Microsoft has joined NoBully and UNESCO (United Nations Educational, Scientific and Cultural Organization) in their bid to create a global campaign to stop online bullying and to inspire young people to stand up for one another in the digital space.
NoBully, UNESCO, educators and representatives from companies and non-profits from nine countries met in London last month to begin brainstorming the framework for a worldwide campaign. After the two-day workshop, the organizers agreed to synthesize the wealth of ideas and strategies discussed and to determine next steps.
“For the past six months, I have traveled the world and spoken to researchers, civil society organizations, tech companies and national ministries of education about coming together to address online bullying,” said Nicholas Carlisle, founder and CEO of NoBully. “Each person that I have spoken with not only sees the need for action, but wants to be part of it.”
Carlisle sees the London meeting as the first step toward the creation and growth of that collaborative campaign. “It was inspiring to witness participants step beyond their organizational goals to co-create a strategy for impacting cyberbullying across the world,” he added. “At a deeper level, London marked the beginning of a much-needed coalition to promote values of civility and inclusivity for youth online.”
Microsoft is honored to be part of the creation of what we hope will be a compelling global effort, as all of us aim to make the online world a safer and more trusted place for young people and indeed all individuals.
Microsoft’s commitment to fight online bullying
Microsoft has been committed to combatting online bullying for more than a decade. We’ve conducted research on the issue in dozens of countries; created tools and resources to help parents and other trusted adults address bullying incidents, and we’ve participated in leading international conferences and events designed to raise awareness and share best practices.
Most recently, online bullying was among the 17 different online risks that we asked teens and adults about in our new research focused on digital civility. That study, which I presented at the London meeting, showed that 11 percent of teens in 14 countries said they experienced online bullying at some point. The study also asked about teens’ and adults’ exposure to online harassment, trolling and being treated meanly online. Seventeen percent, 23 percent and 25 percent of teens, respectfully, said they had encountered these three other risks. Taken collectively, more than three-quarters of teen respondents (76 percent) experienced at least one of these negative online interactions.
In 2012, we conducted separate research focused solely on young people’s exposure to bullying. That study, which polled 8-to-17-year-olds in 25 countries, showed 54 percent of respondents were worried that they would be bullied online; 37 percent said they had been bullied and 24 percent admitted to bullying someone. That same research revealed that not even three in 10 (just 29 percent) of parents had spoken to their children about online bullying.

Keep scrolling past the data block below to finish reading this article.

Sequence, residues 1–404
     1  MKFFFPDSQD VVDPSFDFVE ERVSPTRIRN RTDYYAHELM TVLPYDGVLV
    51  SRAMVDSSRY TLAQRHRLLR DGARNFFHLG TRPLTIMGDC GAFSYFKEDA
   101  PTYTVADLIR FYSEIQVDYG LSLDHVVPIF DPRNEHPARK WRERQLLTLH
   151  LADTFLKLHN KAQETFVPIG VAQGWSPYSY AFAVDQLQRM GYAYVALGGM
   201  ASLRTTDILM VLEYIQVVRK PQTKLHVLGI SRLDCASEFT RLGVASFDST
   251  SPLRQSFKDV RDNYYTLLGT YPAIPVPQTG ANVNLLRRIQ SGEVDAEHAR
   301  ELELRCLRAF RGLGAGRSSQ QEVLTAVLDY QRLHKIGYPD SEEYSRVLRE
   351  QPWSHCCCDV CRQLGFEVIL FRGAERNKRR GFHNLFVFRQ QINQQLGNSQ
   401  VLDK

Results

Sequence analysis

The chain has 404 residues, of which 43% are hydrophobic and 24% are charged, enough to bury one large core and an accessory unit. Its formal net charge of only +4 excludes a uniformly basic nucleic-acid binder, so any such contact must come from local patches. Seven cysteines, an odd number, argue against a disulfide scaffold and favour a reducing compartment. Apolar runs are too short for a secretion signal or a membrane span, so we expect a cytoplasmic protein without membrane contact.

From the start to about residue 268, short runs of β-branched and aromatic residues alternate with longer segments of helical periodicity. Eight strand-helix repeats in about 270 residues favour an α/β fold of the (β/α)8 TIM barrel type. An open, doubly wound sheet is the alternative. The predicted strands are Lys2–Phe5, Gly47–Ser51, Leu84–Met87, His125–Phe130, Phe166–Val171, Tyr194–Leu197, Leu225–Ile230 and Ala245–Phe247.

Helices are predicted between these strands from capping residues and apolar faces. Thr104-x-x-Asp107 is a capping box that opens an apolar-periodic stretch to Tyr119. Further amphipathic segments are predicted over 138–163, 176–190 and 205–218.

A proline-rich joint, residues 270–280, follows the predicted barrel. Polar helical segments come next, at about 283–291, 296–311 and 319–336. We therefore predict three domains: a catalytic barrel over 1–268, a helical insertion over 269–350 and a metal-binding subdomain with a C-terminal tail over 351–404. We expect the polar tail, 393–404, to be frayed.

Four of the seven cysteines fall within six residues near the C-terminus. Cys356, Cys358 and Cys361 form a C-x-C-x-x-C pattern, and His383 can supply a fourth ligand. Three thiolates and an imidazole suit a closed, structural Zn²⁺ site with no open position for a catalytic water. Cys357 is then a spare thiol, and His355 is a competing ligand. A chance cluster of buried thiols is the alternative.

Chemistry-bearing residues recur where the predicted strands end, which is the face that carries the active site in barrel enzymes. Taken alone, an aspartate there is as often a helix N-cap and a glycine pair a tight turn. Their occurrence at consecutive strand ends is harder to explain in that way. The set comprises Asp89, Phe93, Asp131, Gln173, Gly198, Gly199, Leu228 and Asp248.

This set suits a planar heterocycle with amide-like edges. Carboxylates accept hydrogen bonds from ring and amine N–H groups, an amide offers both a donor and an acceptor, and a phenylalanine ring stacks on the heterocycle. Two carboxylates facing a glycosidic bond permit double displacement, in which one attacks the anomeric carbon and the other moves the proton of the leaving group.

What you can do to help someone involved in online bullying
When faced with online bullying, we encourage parents, caregivers and all adults to:
- Pay attention. From time to time, ask older kids to take you on a “tour” of what they’re doing online. Model positive social behavior and watch for signs of online cruelty. For younger children, sit with them regularly as they play online.
- Encourage empathy. A powerful way to help combat online bullying is to encourage kids to put themselves in others’ shoes:
o Bystanders. Help kids support each other by becoming “upstanders.” Encourage them to be kind, set a good example, block bullies, ask bullies to stop what they’re doing and tell others immediately when they see bullying online. And adults, don’t forget your role as back-up support.
o Targets. If a child is the target of online bullying, don’t wait to see if the abuse will stop. Get the full story, acknowledge the pain and ask what you can do to help. Then, make the child’s answers the basis of a plan to help address the problem.
o Bullying. If you discover someone exhibiting bullying behaviors, acknowledge the problem (making it clear that it’s not OK to bully), and try to understand what happened. If necessary, seek professional help.
- Promote kindness in children’s learning and social circles, and again, model that positive behavior among your own friends and family.
Stand up for safe and civil online behavior
To encourage safer and more respectful online interactions we launched on Safer Internet Day 2017 our campaign for digital civility. Visit our Digital Civility webpage and take our digital civility challenge by agreeing to live by four basic tenets:
- Live the Golden Rule.
- Respect differences among those with whom you interact online.
- Pause before replying to something you don’t agree with, and;
- Stand up for yourself and others.
Share that you’re taking the challenge via social media. Use the hashtags #challenge4civility and #Im4digitalcivility to let us know how you’re doing and to motivate others to join.
To learn more about combatting online bullying, visit the NoBully website. For more on online safety generally, visit our website and resources page. And, for more regular news and information, connect with us on Facebook and Twitter.
At the time of writing of this post, Jacqueline Beauchere’s title was Chief Online Safety Officer.
Tags: Online Safety